“Praise be to the God and Father of our Lord Jesus Christ! In his great mercy he has given us new birth into a living hope through the resurrection of Jesus Christ from the dead and into an inheritance that can never perish, spoil, or fade – kept in heaven for you, who through faith are shielded by God’s power until the coming of the salvation that is ready to be revealed in the last time.” [1:3-5]

In other words, that Jesus’ resurrection is a demonstration, an enacted prophecy, an anticipation of what awaits all believers when Christ comes again. We see our own future in Christ’s resurrection.

But in none of these ways does the resurrection of the Lord actually accomplish our salvation or part of it. Is it, after all, only proof, only demonstration, only embodiment, or is it a key part of salvation itself? Does it have a place next to the cross in the salvation of sinners? It is not a simple question and has resurfaced in our time as a point of some theological interest, even contention. Stop and think for a moment and you will see that forming an answer to our question – “What did the resurrection achieve?” – requires some sophisticated theological reasoning.

Take, for example, Paul’s deservedly famous argument in Romans 1-5, explaining, proving, and justifying his doctrine that sinners are made right before God through faith in Christ. Having demonstrated man’s need as a guilty sinner – the section that ends in 3:21 – Paul, in the next paragraph sets out the remedy. But in doing so in 3:21-26 Paul speaks of Christ’s atoning death, of his redemption, and of the propitiation accomplished by his death on the cross. He says nothing about the Lord’s resurrection. He says, in effect, that the answer to our sin is the cross of Christ, the Lord’s suffering and death in our place. But then, after all of that, and after a lengthy account of the place of faith in obtaining this righteousness from God, Paul concludes the section, in the final verse of chapter 4:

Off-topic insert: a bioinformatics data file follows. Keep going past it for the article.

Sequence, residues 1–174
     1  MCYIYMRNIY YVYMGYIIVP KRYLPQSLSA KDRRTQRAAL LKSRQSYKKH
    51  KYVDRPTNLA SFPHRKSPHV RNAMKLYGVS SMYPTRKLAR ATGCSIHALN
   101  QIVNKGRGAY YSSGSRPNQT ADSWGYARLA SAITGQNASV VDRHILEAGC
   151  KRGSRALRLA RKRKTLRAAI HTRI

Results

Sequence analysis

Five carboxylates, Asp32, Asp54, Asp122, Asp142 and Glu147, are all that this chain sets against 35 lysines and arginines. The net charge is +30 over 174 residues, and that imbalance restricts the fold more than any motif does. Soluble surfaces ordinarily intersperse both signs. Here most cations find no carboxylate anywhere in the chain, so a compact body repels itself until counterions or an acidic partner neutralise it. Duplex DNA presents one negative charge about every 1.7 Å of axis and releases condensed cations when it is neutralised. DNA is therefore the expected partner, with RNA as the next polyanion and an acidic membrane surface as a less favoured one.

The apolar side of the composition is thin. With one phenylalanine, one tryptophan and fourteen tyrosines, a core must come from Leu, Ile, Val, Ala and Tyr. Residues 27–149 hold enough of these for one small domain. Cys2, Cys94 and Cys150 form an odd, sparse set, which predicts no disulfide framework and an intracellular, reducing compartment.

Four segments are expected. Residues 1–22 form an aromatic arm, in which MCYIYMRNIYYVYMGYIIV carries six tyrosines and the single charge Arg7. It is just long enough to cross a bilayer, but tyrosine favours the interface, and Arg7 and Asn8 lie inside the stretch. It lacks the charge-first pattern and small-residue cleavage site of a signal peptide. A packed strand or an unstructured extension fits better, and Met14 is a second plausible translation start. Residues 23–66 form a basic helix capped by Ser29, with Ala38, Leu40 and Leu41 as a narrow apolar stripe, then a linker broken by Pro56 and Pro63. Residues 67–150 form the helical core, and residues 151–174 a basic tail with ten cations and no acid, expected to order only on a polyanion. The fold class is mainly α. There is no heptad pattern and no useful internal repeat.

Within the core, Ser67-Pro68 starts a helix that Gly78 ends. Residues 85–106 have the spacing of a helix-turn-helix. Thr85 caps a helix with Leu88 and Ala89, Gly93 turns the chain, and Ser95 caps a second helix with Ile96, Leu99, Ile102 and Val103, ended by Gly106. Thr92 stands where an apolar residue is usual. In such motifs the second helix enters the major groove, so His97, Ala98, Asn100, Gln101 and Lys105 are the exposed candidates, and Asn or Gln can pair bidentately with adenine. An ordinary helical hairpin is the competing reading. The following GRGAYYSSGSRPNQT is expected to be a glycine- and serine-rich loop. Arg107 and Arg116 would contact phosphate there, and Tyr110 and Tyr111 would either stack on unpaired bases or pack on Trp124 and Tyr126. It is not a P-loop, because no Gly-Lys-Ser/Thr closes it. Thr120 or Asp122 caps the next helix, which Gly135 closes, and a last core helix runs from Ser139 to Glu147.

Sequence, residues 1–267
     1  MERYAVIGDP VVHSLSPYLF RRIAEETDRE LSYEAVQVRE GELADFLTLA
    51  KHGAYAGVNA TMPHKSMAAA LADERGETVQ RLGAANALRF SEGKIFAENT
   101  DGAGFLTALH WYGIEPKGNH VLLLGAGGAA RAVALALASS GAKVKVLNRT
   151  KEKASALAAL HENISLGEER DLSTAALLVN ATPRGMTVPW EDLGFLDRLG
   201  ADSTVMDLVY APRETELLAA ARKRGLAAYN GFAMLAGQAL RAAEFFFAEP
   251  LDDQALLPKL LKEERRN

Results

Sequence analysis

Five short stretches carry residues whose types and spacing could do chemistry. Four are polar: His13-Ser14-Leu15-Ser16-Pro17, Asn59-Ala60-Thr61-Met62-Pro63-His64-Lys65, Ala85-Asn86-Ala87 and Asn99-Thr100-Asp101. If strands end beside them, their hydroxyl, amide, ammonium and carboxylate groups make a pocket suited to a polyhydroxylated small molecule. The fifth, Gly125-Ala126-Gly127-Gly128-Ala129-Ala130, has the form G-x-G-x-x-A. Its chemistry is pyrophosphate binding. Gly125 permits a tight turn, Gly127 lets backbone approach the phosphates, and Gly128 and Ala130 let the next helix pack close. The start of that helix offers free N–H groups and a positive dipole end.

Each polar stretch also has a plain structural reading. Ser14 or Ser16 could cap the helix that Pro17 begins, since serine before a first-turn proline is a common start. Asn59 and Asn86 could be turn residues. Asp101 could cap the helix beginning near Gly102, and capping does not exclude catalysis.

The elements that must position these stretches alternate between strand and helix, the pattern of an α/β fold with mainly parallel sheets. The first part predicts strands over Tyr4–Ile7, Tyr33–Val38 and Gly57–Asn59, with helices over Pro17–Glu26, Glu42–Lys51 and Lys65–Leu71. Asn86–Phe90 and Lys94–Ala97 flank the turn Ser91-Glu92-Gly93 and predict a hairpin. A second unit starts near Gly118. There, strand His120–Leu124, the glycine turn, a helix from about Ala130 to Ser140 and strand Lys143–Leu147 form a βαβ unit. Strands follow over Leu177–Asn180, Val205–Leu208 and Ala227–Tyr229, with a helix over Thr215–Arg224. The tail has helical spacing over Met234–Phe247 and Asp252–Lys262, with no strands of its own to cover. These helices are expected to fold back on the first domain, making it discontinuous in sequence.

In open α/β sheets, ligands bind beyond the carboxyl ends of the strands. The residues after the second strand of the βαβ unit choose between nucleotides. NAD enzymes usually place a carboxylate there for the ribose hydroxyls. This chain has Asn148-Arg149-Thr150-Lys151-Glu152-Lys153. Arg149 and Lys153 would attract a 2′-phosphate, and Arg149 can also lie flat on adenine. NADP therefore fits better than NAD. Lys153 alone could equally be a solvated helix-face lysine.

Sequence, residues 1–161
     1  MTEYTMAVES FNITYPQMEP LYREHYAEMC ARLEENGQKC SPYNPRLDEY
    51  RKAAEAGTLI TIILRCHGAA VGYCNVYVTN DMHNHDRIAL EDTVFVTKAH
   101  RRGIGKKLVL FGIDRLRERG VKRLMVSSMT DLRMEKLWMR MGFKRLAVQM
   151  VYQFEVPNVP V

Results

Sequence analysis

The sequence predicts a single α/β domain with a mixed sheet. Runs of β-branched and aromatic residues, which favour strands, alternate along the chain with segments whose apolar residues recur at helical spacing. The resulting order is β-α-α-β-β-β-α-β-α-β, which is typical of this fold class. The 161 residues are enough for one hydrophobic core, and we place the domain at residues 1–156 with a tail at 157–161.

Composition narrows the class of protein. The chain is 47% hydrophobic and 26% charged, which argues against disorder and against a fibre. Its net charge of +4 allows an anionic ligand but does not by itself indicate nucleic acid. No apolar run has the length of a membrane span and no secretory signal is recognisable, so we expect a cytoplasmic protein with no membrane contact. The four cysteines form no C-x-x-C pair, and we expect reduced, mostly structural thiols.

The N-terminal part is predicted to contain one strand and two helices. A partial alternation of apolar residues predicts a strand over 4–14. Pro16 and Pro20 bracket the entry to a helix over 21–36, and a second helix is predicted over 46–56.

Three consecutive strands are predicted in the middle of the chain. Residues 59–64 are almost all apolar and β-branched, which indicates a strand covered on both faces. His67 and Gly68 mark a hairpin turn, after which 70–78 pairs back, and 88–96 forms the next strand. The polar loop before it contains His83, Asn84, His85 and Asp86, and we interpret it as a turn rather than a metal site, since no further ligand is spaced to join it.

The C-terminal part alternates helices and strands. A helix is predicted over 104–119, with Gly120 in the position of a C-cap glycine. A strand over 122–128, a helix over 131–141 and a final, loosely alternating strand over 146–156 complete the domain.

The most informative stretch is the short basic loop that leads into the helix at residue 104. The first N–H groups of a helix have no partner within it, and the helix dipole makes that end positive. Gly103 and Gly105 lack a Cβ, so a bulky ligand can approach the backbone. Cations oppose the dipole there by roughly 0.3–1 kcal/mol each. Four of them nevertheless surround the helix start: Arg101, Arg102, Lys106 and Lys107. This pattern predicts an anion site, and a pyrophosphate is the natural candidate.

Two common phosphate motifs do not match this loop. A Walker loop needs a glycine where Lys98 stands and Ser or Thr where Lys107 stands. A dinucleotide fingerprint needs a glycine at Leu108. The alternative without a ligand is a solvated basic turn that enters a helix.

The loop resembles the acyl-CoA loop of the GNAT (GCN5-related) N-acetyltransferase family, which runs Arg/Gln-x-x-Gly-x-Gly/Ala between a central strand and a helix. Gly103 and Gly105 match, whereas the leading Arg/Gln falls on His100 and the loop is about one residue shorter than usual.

“He was delivered over to death for our sins and was raised to life for our

What does he mean by bringing the resurrection in at that point, at the very end, having said nothing about it beforehand? And in what sense was our justification related to the Lord’s resurrection? Paul does not explain. In chapter 5 Paul will say again that we are reconciled to God through the death of his Son. But he also says in chapter 5 that having been reconciled to God through the death of his Son we are saved through his, that is Christ’s life.” It is not easy to know precisely what he means by that, but the remark seems to anticipate the argument he will make in chapter six about our having died and risen with Christ. More on that in a moment.

Peter also, in that very difficult argument in 1 Peter 3:18-22 – the one about preaching to the spirits in prison who disobeyed during the days of Noah – begins by saying that Christ died for sins, once for all, the righteous for the unrighteous, to bring you to God. That seems clear to us. Our salvation is accomplished by Christ on the cross. But later in the same paragraph, and with no explanation, Peter says that we are saved “by the resurrection of Jesus Christ.”

Galatians is a letter or a book of the New Testament that we all believe provides a very important account of the grounds and the way of salvation, but, though Paul does speak of Christ living in him, the words “resurrection,” “raise,” and “rise” do not appear anywhere in Galatians. Paul speaks very clearly about Christ bearing the curse of the Law in our place, but the fact that Jesus rose from the dead is not mentioned and the resurrection of Jesus is not part of Paul’s theological argument. The book ends with Paul’s famous peroration, “May I never boast except in the cross of our Lord Jesus Christ.” He didn’t say, “God forbid that I should boast save in the resurrection of our Lord Jesus Christ.”

It is facts like these in the presentation of salvation in the Bible and especially in the New Testament – this concentration on the cross more than on the empty tomb in its account of how sinners are saved and its scattered, brief, and enigmatic statements about the way the resurrection functions in salvation – that explain why you often find a comparative neglect of the resurrection in Christian preaching and spiritual writing.